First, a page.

Yep, avoid cross-drilled, slotted, or dimpled rotors... those are just gimmick rotors that don't help the TJ's braking.
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Old 03-31-2009, 11:32 AM   #8
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^ Sweet info, Jerry. Thanks!
Also, I forgot to mention, many aftermarket pads need proper bedding-in, which most people fail to do. Also, I know it sounds dumb and simple, but make sure to check that the rotors and pads are clean, and that there's no crap in them. Cheers! Mark W.
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Old 03-31-2009, 11:34 AM   #9
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Also, last time I checked (um, right now), there isn't a DOT 6 brake fluid. DOT 3 is standard for many cars, DOT 4 for higher performance (higher boiling point), DOT 5 is racing stuff, and DOT 5.1, which you should NOT use in any system with ABS, as it will ruin the system, and is used almost only in street bikes. Where in the world did you find DOT 6? Mark W.
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Old 03-31-2009, 12:14 PM   #10
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sorry about that its Dot 4 Valvoline Synthetic brake fluid.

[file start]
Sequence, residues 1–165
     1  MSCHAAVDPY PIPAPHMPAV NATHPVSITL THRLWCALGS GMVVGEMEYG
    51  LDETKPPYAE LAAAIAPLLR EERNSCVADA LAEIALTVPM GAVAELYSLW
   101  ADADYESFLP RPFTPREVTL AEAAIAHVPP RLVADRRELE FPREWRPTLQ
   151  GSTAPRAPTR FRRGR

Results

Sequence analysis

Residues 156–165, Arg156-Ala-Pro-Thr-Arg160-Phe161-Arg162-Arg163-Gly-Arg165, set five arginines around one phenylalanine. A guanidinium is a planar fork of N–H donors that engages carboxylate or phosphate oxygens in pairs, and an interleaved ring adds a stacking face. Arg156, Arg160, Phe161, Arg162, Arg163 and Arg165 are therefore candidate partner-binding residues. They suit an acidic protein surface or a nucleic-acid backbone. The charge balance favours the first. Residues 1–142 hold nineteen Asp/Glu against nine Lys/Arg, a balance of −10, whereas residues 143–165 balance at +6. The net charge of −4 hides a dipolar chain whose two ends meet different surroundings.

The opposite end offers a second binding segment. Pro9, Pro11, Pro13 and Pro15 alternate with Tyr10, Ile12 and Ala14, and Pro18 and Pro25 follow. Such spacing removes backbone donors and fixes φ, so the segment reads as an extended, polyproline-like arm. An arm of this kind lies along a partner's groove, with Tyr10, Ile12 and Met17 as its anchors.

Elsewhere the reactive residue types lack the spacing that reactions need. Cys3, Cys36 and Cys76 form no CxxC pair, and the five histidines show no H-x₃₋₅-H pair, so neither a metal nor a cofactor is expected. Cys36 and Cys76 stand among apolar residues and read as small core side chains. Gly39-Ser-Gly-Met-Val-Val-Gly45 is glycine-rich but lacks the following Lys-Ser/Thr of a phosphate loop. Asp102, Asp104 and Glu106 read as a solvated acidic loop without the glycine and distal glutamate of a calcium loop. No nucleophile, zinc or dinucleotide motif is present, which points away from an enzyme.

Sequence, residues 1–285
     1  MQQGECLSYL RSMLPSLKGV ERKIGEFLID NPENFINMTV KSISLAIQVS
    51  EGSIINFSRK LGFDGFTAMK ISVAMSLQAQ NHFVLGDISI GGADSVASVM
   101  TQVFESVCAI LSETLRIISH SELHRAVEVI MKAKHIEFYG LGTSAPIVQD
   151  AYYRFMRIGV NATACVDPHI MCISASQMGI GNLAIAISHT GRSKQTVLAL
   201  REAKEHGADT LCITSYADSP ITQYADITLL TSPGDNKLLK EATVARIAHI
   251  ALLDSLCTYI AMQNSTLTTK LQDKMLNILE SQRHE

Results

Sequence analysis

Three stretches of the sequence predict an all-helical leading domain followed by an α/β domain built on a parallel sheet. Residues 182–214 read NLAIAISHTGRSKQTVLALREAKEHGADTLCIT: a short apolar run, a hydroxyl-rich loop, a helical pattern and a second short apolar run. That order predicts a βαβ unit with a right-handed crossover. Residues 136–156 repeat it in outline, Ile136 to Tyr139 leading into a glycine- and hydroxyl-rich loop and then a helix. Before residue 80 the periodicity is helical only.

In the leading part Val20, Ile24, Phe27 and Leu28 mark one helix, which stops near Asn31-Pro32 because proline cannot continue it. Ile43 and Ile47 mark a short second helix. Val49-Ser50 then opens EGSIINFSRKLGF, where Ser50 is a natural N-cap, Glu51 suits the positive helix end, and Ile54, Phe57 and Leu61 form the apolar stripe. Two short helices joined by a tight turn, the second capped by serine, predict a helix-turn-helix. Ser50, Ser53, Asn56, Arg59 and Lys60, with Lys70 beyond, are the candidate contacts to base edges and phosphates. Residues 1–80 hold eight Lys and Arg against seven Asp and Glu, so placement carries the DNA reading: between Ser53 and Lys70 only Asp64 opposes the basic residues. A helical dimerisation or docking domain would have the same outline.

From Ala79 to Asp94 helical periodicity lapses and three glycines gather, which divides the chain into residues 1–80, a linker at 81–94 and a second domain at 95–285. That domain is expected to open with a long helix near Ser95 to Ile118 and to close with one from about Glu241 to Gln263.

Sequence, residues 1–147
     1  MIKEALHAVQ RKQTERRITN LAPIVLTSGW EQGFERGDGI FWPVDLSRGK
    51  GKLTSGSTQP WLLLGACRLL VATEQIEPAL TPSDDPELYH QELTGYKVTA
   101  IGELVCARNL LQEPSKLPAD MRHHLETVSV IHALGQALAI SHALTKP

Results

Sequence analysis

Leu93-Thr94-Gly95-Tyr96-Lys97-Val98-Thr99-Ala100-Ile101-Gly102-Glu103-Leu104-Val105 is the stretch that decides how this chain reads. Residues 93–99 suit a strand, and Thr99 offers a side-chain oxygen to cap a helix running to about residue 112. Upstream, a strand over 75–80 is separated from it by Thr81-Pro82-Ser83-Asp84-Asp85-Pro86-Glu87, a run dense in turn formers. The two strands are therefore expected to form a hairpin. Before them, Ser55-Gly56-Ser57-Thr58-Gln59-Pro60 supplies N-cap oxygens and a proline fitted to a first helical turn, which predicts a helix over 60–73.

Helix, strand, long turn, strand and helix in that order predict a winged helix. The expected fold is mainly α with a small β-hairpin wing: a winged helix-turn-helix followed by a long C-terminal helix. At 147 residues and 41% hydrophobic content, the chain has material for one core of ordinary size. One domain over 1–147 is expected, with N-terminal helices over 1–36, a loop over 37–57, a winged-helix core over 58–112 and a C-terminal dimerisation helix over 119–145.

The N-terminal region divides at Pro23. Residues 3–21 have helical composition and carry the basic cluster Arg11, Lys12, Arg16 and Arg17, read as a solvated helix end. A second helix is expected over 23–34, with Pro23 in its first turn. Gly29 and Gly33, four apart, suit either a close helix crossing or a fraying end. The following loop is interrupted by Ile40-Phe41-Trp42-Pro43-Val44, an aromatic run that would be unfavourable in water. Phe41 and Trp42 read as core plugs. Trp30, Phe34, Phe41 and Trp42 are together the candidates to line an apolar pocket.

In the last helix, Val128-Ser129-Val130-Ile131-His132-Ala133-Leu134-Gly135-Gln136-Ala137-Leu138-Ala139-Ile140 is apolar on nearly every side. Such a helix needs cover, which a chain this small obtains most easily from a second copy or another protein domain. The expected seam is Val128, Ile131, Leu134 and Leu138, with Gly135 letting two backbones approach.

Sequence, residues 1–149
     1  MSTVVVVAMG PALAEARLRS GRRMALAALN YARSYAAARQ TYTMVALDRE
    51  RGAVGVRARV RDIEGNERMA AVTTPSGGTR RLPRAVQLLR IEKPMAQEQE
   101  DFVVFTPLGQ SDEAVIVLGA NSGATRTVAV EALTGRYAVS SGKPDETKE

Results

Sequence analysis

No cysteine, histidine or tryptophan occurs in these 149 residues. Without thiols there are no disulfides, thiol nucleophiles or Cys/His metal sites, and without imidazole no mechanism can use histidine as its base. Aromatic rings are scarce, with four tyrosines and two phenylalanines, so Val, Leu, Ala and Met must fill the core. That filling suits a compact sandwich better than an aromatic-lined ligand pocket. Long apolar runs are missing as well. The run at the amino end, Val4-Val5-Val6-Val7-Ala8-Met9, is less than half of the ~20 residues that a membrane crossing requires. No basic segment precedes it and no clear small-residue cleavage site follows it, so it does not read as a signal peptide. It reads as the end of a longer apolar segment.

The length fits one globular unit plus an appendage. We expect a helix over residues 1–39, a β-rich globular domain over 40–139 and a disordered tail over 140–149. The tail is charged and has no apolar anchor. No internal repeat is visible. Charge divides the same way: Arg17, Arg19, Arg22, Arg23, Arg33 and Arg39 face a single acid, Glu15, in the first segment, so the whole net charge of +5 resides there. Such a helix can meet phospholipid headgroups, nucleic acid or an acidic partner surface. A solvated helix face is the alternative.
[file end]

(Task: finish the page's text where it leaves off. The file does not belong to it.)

When I changed the pads I made sure to use brake cleaner and whipe down all the residue oil etc off. of both sides of the rotor before I installed the new brake pads

Currently there is no spare tire on the back, the back seat is removed and basically have just the hard top on there right now.

I dont think its a brake fatigue issue because even after some hard stops 60-0 (2 times) the brakes feel just as they do when at normal operating temp.
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Old 03-31-2009, 12:15 PM   #11
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No worries You may want to edit that up top, too.
What brand pads did you use? Mark W.
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Old 03-31-2009, 12:36 PM   #12
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Quote:
Originally Posted by EnigmaMan View Post
When I changed the pads I made sure to use brake cleaner and whipe down all the residue oil etc off. of both sides of the rotor before I installed the new brake pads